“Instead of withdrawing support from those who need it most, the UK Government should follow the example of the Irish Government who have committed to energy support for businesses and consumers this upcoming winter. Direct government support was needed last winter and it will be desperately needed this winter too.”

The announcement has also been heavily criticised by the Scottish Greens, who say the record profits are pushing the environment to “breaking point”. Mark Ruskell MSP, the party’s climate spokesman, said: “This is obscene. Our world is on fire while fossil fuel giants are raking in billions of pounds worth of dirty profits and drilling us into climate catastrophe.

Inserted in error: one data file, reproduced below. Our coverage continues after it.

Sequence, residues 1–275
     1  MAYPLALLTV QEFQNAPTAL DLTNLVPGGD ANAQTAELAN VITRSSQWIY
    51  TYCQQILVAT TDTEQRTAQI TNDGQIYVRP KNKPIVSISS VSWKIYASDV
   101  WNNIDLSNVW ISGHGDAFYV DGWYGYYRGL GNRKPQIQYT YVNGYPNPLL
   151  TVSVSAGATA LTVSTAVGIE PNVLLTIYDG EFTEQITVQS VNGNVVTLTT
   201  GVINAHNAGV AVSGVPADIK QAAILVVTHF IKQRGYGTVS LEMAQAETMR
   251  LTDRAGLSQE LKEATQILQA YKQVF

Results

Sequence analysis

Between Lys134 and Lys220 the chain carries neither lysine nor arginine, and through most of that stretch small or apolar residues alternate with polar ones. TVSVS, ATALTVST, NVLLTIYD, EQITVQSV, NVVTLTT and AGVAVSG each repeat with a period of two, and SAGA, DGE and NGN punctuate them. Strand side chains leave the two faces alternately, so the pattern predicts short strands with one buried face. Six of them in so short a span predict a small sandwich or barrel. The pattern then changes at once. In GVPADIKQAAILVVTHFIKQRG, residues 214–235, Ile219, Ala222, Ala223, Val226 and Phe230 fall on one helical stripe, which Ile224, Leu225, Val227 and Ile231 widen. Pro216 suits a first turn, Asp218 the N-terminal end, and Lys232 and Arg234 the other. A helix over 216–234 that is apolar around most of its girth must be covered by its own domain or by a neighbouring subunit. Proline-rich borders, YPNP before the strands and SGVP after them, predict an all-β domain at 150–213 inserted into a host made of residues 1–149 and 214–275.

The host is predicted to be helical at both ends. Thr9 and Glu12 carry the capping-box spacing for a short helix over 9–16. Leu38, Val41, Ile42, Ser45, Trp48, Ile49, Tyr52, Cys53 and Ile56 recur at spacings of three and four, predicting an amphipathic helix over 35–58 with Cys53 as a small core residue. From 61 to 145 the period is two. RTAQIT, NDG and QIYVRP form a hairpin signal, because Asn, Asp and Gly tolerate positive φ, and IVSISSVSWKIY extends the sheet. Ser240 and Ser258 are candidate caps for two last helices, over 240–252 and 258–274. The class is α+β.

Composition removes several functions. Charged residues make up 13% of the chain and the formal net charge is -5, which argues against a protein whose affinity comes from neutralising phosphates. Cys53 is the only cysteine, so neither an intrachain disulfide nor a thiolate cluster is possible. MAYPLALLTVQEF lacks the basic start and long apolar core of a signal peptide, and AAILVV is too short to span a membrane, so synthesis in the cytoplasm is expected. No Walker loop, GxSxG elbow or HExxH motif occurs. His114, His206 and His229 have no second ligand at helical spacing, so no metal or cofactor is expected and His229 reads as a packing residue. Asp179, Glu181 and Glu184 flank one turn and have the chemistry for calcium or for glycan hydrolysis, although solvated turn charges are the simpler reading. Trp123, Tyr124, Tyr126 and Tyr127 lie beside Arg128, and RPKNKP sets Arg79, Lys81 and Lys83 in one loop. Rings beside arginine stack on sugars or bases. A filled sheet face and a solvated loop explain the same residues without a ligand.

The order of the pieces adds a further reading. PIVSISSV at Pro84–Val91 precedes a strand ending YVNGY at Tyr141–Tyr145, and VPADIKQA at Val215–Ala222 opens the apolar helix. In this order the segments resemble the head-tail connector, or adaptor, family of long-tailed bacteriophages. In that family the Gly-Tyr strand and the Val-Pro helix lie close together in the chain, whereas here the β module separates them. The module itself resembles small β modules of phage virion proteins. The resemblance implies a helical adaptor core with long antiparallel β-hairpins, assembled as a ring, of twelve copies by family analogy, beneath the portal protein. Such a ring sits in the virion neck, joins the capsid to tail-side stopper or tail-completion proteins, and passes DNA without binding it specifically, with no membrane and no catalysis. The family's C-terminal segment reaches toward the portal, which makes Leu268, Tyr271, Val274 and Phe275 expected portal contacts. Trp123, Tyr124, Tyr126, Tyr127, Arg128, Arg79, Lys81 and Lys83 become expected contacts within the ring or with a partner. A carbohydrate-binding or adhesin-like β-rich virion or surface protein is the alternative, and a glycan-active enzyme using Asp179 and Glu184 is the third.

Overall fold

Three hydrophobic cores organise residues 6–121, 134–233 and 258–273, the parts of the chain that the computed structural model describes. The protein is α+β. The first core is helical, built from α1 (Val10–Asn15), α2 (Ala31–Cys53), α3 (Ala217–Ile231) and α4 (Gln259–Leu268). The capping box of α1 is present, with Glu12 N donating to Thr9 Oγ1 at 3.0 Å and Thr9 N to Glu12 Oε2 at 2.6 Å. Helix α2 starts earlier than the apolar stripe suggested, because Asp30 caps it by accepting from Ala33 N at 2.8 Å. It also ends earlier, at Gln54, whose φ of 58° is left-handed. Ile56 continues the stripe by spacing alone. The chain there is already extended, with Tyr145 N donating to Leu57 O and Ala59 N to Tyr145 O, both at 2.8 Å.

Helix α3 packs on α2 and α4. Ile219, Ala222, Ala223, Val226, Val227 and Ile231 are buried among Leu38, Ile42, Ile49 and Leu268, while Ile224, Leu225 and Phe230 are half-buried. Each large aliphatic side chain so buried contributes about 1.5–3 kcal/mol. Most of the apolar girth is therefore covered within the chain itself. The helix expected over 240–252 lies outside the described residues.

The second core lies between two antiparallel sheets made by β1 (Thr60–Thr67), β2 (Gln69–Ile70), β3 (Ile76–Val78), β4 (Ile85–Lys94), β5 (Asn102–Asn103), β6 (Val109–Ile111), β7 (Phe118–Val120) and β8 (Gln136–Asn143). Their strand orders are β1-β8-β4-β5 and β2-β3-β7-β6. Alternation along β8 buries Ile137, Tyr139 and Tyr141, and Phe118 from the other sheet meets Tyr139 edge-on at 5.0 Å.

“The oil and gas company executives may be patting themselves on the back, but our environment is at breaking point. We can all see the devastating and dealing impact all around us, with brutal heatwaves and wildfires across Europe and beyond.

“For far too long these companies have been cheered on and supported by complicit and climate-wrecking governments like the one in Westminster.”

Mr Brown said there needed to be an “immediate end” to fossil fuel exploration, and a windfall tax urgently needed to be introduced.

Sir Ed Davey, leader of the UK Lib Dems, said this showed it was time for a general election and a windfall tax, claiming the Government “do not seem to care”.

The profits have, however, been defended by Centrica’s CEO, who says the extra funds will help them move to renewable energy.